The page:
sharing in governance of extractive industries

New ranking of Arctic oil, gas and mining companies on indigenous rights

A newly developed ranking evaluates the public commitments, formalized procedures and institutional arrangements of resource-extraction companies for handling indigenous rights in the Arctic. The purpose of the ranking is to support norm formation and to contribute to improving the performance of companies on indigenous rights by highlighting which companies have made a public commitment to indigenous rights, and to what extent.

The ranking covers 92 oil, gas and mining companies involved in onshore resource extraction above the Arctic Circle. Each company is assessed according to 20 criteria related to indigenous rights. The criteria were selected by evaluating the main guidelines and legal instruments related to resource extraction and indigenous rights in the Arctic. These criteria include commitments to international standards, the presence of organizational units dedicated to handling indigenous rights, competent staffing, track records on indigenous issues, transparency, and procedures for consulting with indigenous peoples. The application of these criteria to the companies indicated that 60% per cent of companies operating in the Arctic are poorly prepared to respect indigenous rights.

The top-ranking company is Teck Alaska Incorporated—a Canadian company operating in Alaska. Companies operating in the Canadian and US Arctic do better overall in the ranking than their counterparts operating in the Asian and European Arctic.  Oil and gas companies do better than mining companies. Petroleum companies have significantly better scores than mining companies, although the best performer is a mining company.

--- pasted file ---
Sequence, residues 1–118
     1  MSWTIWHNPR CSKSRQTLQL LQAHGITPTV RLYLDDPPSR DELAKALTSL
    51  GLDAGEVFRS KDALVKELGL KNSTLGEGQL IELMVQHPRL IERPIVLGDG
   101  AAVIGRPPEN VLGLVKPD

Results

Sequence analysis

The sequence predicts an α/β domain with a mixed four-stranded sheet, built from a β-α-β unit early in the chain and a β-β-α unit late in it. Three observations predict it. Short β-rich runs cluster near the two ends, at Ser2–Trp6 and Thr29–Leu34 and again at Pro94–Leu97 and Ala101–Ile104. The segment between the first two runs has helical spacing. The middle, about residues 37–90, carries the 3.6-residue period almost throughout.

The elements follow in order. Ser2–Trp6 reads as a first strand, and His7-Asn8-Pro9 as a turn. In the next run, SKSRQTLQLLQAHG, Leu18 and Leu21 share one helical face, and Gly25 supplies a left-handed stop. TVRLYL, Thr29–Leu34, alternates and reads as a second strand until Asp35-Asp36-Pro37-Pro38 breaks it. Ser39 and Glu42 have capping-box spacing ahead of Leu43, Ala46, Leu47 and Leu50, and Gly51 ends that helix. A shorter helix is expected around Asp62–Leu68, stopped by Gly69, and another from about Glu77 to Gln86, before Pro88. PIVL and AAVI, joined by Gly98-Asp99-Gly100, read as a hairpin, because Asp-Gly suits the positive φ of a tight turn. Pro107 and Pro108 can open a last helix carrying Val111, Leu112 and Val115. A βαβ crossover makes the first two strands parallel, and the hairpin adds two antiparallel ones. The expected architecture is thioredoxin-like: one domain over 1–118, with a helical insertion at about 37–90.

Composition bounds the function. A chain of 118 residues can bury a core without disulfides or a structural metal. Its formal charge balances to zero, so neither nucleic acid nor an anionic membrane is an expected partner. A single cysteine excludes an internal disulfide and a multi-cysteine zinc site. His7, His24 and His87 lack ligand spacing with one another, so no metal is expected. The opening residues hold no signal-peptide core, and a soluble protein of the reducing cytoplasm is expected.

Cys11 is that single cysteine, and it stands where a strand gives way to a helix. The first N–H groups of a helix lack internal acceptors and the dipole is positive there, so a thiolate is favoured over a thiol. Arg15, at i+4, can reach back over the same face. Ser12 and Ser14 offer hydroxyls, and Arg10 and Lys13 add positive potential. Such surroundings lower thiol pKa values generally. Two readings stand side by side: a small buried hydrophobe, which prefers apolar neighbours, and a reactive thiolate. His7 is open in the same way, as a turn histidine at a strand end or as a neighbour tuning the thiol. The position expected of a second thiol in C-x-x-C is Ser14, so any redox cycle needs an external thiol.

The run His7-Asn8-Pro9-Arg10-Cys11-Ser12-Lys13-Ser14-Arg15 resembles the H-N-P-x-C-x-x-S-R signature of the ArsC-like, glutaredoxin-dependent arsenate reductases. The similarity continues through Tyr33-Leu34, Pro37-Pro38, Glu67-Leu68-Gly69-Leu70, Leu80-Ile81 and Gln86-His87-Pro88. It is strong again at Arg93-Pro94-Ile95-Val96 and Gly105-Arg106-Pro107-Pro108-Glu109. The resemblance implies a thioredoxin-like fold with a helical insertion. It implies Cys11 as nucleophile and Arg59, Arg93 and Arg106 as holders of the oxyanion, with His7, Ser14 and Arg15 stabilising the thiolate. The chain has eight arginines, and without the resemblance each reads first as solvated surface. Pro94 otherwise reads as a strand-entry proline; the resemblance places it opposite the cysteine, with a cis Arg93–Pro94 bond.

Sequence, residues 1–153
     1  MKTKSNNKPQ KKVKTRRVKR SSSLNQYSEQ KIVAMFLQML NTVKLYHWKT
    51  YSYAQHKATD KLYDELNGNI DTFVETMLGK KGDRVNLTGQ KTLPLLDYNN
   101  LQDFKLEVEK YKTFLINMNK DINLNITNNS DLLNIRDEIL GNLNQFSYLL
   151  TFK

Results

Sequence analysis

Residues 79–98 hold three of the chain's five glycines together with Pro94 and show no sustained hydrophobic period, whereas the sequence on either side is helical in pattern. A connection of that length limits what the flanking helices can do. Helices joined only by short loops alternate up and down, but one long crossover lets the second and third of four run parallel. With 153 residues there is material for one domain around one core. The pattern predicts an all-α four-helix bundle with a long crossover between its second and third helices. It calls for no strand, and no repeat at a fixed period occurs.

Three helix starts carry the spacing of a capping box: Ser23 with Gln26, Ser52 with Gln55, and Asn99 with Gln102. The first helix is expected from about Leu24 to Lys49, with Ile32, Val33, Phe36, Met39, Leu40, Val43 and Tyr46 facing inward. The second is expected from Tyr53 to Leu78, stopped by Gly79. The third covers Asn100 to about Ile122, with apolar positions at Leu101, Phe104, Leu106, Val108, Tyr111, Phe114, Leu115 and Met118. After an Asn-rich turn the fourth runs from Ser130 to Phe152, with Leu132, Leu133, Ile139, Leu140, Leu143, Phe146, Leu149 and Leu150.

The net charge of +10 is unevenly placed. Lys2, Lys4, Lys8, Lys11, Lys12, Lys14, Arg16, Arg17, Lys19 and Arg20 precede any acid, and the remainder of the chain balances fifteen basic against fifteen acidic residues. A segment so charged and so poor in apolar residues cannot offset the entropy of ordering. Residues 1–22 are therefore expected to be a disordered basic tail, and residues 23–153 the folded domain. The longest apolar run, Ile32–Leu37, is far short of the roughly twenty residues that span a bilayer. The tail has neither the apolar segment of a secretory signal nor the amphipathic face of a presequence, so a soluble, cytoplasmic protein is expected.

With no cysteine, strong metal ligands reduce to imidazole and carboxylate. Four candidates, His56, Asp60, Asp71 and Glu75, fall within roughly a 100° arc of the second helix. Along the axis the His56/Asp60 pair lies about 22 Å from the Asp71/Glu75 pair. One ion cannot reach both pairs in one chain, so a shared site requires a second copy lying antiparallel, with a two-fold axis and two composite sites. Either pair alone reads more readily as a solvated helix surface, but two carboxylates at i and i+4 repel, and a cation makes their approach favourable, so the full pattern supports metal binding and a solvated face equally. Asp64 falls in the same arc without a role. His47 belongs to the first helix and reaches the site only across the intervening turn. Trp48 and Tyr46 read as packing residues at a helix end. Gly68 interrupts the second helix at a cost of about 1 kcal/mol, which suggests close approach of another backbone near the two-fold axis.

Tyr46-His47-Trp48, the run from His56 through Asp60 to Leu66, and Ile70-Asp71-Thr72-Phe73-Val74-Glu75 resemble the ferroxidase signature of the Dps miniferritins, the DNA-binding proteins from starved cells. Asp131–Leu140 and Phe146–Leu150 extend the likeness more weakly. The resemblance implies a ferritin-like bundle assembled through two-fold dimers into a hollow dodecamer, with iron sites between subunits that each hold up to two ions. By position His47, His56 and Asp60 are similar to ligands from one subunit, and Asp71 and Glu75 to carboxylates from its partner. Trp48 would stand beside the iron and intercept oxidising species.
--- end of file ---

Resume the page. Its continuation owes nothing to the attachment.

Interestingly, the ranking indicates that ratification of ILO Convention 169 on Indigenous and Tribal Peoples does not guarantee that a country provides an adequate enabling environment for companies to respect indigenous rights, as companies in both Denmark/Greenland and Norway—the only two Arctic states that have ratified ILO 169—have low average scores.

This is the first time this ranking has been carried out, and it is therefore experimental. To read more about the ranking and see the results, see https://www.academia.edu/31311533/Ranking_Oil_Gas_and_Mining_Compan...

The author of the ranking is Research Professor Indra Overland of the Norwegian Institute of International Affairs (NUPI).

The ranking is a product of the project Indigenous Peoples and Resource Extraction in the Arctic: Evaluating Ethical Guidelines led by the Arran Lule Sami Centre, Ajluokta/Drag, Norway and Funded by the Norwegian Ministry of Foreign Affairs.


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